Armstrong wins men’s senior golf title on first try
For Mark Armstrong, the final round of the New Brunswick senior men’s golf championship couldn’t have started any worse or finished any better.
The Riverside Country Club ‘rookie’ senior had a double-bogey 6 on the first hole Wednesday to fall three shots back of Dan Coulombe of the Fredericton Golf Club. But Armstrong birdied five of the remaining eight holes on Kingswood’s front nine and led Coulombe by three at the turn. Armstrong went on to shoot a 2-under-par 70 to finish 6-under 210 for the 54-hole tournament. That was two strokes better than Aroostook Valley member Ralph Michaud, who’s from Presque Isle, Maine, and isn’t eligible to win the New Brunswick title, and five ahead of Herrick Hansen of Aroostook Valley and Mike Breen of Hampton.
“I’m ecstatic,” Armstrong said. “On the drive up from Saint John, I couldn’t feel my legs I was that nervous. But I was here an hour and a half early. I did some sand shots and a few putts, kind of the routine I have at home. I had a bad first hole, but after that, everything within five feet of the hole was in the back of the cup.
“It was my worst striking round, no question, but I made everything inside of five feet,” said Armstrong, who shot 67-73 the first two days.
Coulombe and super senior champion Marty Winslow of the host club, who rounded out the final group, entered the day tied for the lead but faded to fifth with 217 totals after shooting 6-over 78s.
“To play with Marty and Danny .. when I’m in my 30s these guys are on the Willingdon Cup [provincial] teams,” Armstrong said. “I don’t expect to play with them but I had a great three days and the course fit my eye.”
Gary Melanson of Covered Bridge had his second straight 70 to climb to seventh at 218, three better than Kevin Farmer of Herring Cove and Guy Mc-Knight of Country Meadows. Fredericton’s Phil Dixon rounded out the top 10 at 6-over 222. The title was up for grabs after defending champion Sonny Phillips didn’t enter – and the affable Armstrong went out and grabbed it, despite playing in his first provincial tournament in 13 years.
“It’s a tremendous win for Mark,” Coulombe said. “When you start out double bogey, for many players that could just derail them for the day. He just bounced back and was a birdie machine on the front nine. So he’s a great champion. To be away from the game that long and to start the day today with probably a bit of pressure, he deserves every bit of accolades he gets.”
On the first hole, Armstrong sliced his drive, then lost his ball when his second shot bounced into the fescue behind the green.
“I hit a nice 7-iron from the right rough,” Armstrong said. “I thought it was perfect when it landed on the backside of the fringe, but it took one hop and we couldn’t find it. I had to take a drop, I made a double and I said, ‘Oh, man, here we go’.”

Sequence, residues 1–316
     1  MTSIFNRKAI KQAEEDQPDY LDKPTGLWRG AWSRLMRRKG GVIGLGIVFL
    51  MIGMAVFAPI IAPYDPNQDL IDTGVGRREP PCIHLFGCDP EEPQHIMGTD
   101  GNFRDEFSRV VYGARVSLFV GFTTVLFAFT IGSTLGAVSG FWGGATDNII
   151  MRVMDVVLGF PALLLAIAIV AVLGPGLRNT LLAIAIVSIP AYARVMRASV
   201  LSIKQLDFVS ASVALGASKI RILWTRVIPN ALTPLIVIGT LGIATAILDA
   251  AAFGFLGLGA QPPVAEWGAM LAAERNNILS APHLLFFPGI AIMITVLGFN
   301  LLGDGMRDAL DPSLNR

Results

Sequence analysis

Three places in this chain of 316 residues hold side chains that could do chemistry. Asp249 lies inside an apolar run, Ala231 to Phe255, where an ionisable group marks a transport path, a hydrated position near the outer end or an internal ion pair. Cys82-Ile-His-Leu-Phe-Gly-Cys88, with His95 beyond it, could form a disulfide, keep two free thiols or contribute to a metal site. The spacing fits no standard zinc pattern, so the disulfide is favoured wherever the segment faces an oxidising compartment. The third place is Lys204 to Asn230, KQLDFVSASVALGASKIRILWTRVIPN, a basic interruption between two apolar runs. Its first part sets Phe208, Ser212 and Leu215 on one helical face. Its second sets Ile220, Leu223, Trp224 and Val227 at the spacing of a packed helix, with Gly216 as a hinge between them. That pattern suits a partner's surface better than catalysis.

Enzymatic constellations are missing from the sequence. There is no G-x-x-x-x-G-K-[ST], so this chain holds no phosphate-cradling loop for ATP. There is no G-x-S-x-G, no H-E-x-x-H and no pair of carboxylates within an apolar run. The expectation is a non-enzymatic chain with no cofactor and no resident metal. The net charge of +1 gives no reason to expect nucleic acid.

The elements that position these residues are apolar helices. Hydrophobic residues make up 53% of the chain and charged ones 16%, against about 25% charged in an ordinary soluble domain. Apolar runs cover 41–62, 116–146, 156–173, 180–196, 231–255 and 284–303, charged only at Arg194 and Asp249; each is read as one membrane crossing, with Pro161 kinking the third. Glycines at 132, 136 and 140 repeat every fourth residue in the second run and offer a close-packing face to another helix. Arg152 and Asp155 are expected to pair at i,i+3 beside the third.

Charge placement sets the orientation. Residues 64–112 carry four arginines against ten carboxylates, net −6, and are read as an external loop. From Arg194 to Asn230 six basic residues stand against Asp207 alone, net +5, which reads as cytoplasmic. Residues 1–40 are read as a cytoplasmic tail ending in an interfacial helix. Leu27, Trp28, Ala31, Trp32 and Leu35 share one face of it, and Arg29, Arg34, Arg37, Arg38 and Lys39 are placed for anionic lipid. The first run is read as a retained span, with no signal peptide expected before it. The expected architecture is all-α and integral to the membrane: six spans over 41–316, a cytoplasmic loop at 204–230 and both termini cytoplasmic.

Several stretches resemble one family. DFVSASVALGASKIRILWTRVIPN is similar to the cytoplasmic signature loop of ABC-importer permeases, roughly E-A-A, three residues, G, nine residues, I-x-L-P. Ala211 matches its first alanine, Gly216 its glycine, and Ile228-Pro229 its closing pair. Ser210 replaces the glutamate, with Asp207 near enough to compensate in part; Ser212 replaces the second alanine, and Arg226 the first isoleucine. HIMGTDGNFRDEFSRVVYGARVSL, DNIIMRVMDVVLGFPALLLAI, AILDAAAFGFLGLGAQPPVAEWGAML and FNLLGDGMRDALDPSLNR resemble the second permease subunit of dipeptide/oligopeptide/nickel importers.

No matter. He birdied the next three holes. Armstrong put his approach shot within two feet of the hole on No. 3 to create a three-way tie, potted a 12-footer on No. 4, then made a beautiful chip, which he turned into a tap-in birdie – his fourth in five holes – on No. 6 to lead Coulombe by one.
“I settled in after the third birdie,” Armstrong said. “I said, ‘OK, maybe I can play with these guys’ and I did.”
Armstrong dropped a five-footer on No. 9 for 33 on the front.
“Five birdies in eight holes! Five birdies for me could be a week,” said Armstrong, whose wife Karen was his caddy for the final round.
Armstrong flirted with danger on the 12th. He hit his second shot on the par-4, 371-yard hole into high grass, but found his ball and hacked it within 20 feet of the hole for a clutch up and down.
Coulombe was four back when he found trouble on unlucky 13, driving his ball between two trees.
“I was dead stymied underneath a tree. I thought I could chop it out.”
He couldn’t and eventually took a double-bogey 6 to slide six shots back.
It was just one of those days in golf where nothing seems to be going well for you,” Coulombe said. “I struggled with the putter. Yesterday seemed effortless and today I had to fight for everything I got, which wasn’t much.”
Armstrong’s lone blemish on the back nine came on No. 15, which he bogeyed after his drive landed on the adjacent 8th fairway and his second shot found the bunker.
“I didn’t want to ask my wife where I stood coming up 18, but when she said, ‘Just play your game’ I figured I was safe.”
The Canadian seniors will be held Sept. 5 to 9 in Niagara Falls, Ont., with Armstrong, Hansen, Breen and super senior Winslow representing New Brunswick.
Hansen had a final round 72, one better than Breen. Farmer had the best round of the day. His 4-under 68 was one lower than Fredericton’s Pat Garagan.
BRUCE HALLIHAN, THE DAILY GLEANER